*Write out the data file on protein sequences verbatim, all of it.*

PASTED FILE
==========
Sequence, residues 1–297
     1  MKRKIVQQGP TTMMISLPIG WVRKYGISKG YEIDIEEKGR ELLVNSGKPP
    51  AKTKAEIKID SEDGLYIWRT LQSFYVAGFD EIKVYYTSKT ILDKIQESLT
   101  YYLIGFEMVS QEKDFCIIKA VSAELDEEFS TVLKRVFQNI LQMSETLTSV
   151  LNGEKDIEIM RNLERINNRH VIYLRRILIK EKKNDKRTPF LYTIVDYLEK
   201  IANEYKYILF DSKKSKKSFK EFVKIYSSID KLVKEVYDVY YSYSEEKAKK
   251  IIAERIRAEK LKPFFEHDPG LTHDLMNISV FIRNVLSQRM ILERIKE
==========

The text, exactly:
Sequence, residues 1–297
     1  MKRKIVQQGP TTMMISLPIG WVRKYGISKG YEIDIEEKGR ELLVNSGKPP
    51  AKTKAEIKID SEDGLYIWRT LQSFYVAGFD EIKVYYTSKT ILDKIQESLT
   101  YYLIGFEMVS QEKDFCIIKA VSAELDEEFS TVLKRVFQNI LQMSETLTSV
   151  LNGEKDIEIM RNLERINNRH VIYLRRILIK EKKNDKRTPF LYTIVDYLEK
   201  IANEYKYILF DSKKSKKSFK EFVKIYSSID KLVKEVYDVY YSYSEEKAKK
   251  IIAERIRAEK LKPFFEHDPG LTHDLMNISV FIRNVLSQRM ILERIKE